The G45 is essentially a G17 frame, with a G19-length slide and barrel. The result is a compact with a full-size grip and magazine.

X is the last distinction of importance. The X typically denotes a crossover pistol. Take a G19 slide and put it on a modified G17 frame (for the added grip length and capacity of a G17 and the shorter length of the G19). But the G45 pistols are built in a similar fashion but don’t have an X designation (even though GLOCK still labels them as crossovers).

What makes a GLOCK a GLOCK?

We’ve discussed polymer. That’s important. They don’t have the best grip texture or the most aggressive texture, yet they’re easy enough to control.

The barrels don’t use traditional lands and grooves. Instead, they’re cut with polygonal rifling, which is essentially wider flat panels that approximate a circular shape inside the barrel.

Glock OEM 10 Round Magazine for G19 - 9mm
Part of GLOCK’s success is the way they make these magazines. They rarely ever fail.

GLOCK mags are built like tanks. They’re stainless with a polymer wrap and can take a serious beating without losing any of their functionality.


As noted above, GLOCK makes some of the standard sizes: subcompact, compact, and standard (which is a full-size or duty size for other manufacturers). They also make long-slide models.

One interesting note is that the company still hasn’t made a super-slim 9mm double-stack. The 43 made waves when it was released, as the G26 has always been a fireplug of a subcompact. But the 43 has dismal capacity when compared to almost every other pistol in its class. The 48 improved on that capacity, but only by adding length to the grip.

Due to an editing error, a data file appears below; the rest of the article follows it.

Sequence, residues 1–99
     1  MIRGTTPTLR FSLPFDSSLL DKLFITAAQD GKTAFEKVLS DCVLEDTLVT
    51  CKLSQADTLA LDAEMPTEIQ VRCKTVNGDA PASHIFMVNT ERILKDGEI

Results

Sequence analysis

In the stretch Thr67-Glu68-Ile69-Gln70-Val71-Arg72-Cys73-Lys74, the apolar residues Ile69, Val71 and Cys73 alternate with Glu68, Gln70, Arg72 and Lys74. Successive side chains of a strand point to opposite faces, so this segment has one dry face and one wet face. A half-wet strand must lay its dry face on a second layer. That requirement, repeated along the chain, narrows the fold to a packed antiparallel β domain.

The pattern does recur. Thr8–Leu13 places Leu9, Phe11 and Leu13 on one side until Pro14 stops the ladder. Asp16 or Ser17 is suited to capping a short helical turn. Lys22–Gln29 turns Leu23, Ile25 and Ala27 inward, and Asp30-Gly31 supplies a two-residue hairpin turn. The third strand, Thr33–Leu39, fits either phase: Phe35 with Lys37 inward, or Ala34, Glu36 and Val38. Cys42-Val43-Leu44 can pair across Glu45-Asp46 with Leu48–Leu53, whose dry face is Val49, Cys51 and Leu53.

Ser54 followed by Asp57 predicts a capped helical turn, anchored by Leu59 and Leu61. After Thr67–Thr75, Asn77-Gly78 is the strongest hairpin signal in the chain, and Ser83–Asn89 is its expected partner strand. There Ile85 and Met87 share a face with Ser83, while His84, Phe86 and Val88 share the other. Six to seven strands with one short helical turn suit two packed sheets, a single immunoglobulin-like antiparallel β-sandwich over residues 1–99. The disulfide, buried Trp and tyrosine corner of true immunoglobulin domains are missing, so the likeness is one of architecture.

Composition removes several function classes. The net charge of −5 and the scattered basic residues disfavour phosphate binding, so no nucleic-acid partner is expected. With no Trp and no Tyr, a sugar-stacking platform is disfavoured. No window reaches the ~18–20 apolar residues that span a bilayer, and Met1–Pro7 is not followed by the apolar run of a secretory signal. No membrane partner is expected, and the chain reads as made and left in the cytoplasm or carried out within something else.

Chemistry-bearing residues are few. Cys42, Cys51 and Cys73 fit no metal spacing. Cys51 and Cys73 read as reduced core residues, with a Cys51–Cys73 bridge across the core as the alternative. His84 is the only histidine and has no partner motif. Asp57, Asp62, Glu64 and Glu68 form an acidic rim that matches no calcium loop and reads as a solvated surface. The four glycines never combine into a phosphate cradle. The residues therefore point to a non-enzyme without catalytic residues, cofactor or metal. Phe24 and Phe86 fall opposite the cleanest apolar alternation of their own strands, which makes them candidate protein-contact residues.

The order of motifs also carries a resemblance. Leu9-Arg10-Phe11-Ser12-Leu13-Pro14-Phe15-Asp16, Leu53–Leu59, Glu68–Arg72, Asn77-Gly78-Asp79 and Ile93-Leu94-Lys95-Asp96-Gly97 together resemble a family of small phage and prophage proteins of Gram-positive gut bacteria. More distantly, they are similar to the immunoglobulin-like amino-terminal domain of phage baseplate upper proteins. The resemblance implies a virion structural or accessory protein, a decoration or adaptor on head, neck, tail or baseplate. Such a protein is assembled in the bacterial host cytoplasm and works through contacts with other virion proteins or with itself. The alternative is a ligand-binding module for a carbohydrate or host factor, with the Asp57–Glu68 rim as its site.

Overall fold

GLOCK Accessories

There’s no denying the versatility of these pistols. But there are ways to make them more functional. The first addition, if you have a MOS GLOCK, is to add a red dot.

The ARO on an MOS equipped GLOCK is a solid choice for getting on target fast.
The ARO on a MOS-equipped GLOCK is a solid choice for getting on target fast.

The AT3 ARO is a great choice. Put the dot on the target and you’re good to go.

Have a GLOCK 17 or 19? Magpul can help there, too.
Have a GLOCK 17 or 19? Magpul can help there, too.

You will need magazines. GLOCK mags are a solid choice, but so are those by Magpul. How many magazines do you need? 10 is a good place to start for a GLOCK.

Streamlight TLR-1S Tactical Light - 300 Lum - Strobe
Trying to identify a target in the dark is all but impossible without light.